Statement of Ande Abbott

Director, Legislative Department

International Brotherhood of Boilermakers

On the New Source Review Program

Joint Hearing Before the

Senate Committee on Environment and Public Works and the

Senate Committee on the Judiciary

Tuesday, July 16, 2002

Room 106, Dirksen Senate Office Building

Washington, D.C.



Chairman Jeffords, Chairman Leahy, and members of the Committees, my name is Ande Abbott and I am the Director of Legislation for the International Brotherhood of Boilermakers, Iron Ship Builders, Blacksmiths, Forgers and Helpers, AFL-CIO. I thank you for this opportunity to present our views.


Commonly referred to as the Boilermakers Union, we are a diverse union representing over 100,000 workers throughout the United States and Canada in construction, repair, maintenance, manufacturing, professional emergency medical services, and related industries. Boilermakers, who make and maintain industrial boilers and the pollution control equipment they use, have had a long-time commitment to a clear, effective and reasonable new source review (“NSR”) policy. We support the recent efforts of this Administration to clarify the program. The efficiency of our facilities and the safety of our workers hang in the balance.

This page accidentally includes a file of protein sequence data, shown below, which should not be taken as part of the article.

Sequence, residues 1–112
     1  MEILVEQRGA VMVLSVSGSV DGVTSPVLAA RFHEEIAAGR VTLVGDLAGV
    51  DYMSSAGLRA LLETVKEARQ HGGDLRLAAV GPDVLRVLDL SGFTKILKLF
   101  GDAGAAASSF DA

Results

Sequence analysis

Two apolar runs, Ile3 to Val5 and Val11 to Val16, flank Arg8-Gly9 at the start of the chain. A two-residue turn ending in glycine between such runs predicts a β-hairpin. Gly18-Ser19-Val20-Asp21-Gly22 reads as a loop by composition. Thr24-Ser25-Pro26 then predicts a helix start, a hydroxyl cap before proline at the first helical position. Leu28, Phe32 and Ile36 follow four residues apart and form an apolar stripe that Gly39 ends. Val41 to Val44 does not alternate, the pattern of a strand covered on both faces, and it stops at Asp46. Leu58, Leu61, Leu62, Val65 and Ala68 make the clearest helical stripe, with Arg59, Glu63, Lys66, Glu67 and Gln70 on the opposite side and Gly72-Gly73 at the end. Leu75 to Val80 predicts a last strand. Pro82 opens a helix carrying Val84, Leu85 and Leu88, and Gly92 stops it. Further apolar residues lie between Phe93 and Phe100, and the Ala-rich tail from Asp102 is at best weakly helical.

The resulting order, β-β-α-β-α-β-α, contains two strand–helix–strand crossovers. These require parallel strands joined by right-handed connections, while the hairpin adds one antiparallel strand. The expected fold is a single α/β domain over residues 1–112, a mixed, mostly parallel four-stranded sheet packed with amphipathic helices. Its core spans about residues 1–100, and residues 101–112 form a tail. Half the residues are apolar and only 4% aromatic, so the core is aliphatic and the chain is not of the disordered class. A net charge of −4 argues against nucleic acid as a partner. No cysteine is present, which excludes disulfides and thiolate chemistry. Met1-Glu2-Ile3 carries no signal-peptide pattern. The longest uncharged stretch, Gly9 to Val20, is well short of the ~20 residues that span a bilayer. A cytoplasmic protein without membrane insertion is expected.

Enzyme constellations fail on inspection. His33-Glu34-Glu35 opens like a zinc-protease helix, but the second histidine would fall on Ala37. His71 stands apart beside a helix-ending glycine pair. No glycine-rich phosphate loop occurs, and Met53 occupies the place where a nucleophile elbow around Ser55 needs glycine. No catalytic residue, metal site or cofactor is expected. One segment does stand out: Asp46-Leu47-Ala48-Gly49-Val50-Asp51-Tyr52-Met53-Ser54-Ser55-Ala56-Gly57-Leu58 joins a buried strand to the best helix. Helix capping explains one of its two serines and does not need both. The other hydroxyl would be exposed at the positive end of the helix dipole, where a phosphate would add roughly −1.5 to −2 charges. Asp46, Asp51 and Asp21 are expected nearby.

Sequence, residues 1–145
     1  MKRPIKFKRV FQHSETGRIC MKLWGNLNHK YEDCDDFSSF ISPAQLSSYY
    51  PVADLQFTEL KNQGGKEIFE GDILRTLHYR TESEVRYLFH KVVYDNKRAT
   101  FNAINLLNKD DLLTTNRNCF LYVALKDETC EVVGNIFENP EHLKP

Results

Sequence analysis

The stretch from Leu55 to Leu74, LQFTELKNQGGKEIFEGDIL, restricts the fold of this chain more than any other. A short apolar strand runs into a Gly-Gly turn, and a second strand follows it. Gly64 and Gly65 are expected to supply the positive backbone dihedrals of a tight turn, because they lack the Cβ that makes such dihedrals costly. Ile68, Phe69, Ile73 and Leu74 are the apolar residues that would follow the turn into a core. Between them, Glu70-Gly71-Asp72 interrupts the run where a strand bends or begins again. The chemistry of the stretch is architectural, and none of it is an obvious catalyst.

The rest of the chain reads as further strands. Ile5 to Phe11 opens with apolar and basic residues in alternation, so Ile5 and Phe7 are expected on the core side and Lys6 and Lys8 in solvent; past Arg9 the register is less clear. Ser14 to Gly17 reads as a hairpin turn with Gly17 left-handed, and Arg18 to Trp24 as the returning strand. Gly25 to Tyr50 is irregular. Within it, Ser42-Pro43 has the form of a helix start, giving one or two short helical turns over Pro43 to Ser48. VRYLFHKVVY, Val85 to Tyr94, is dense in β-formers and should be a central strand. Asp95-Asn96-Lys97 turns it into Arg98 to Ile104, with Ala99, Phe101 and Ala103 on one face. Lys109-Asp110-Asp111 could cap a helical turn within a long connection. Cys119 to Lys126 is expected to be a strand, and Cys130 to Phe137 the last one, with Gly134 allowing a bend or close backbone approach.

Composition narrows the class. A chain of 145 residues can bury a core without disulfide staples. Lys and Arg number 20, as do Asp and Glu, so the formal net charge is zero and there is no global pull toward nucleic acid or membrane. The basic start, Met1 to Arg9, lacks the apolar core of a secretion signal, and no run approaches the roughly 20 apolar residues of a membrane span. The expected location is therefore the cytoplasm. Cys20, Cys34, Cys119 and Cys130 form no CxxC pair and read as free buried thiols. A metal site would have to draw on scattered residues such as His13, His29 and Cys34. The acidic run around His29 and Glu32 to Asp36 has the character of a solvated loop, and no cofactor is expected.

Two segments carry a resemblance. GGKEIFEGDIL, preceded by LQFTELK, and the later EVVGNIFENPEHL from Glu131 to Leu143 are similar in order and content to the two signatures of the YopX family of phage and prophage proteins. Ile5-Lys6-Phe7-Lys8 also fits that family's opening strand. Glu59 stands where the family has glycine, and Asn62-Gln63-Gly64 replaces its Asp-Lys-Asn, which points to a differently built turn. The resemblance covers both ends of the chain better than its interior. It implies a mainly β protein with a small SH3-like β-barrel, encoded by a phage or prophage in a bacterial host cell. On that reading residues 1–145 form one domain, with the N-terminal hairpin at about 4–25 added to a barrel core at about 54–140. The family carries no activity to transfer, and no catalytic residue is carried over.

First, let me be clear today that Boilermakers do not oppose the Clean Air Act, nor do we oppose its rigorous enforcement. In fact, construction lodges of our union look forward to doing much of the actual work for the installation of new technologies and controls at utility plants and for industrial boilers across this region and the country. In reference to the NOx control program alone, our international President Charlie Jones recently wrote:


“The EPA estimates that compliance measures will cost about $1.7 billion a year. A sizeable portion of that money will go to the Boilermakers who do the work necessary to make the additions and modifications required by the SCR technology.”


Aside from NOx control, Boilermakers have always led the way on Clean Air Act issues. For example, Boilermakers were pioneers in installation of scrubbers and further in fuel-substitution programs at our cement kiln facilities. In short, Boilermakers have been there to meet the challenges of the Clean Air Act, to the benefit our members and all Americans that breathe clean air.


However, Boilermakers could not support the EPA’s 1999 recent interpretation of its authority under the New Source Review program. NSR, correctly interpreted, as we believe the Administration's clarification does, forces new sources or those undergoing major modifications, to install new technology, like the technology President Jones mentioned. We support NSR in that context.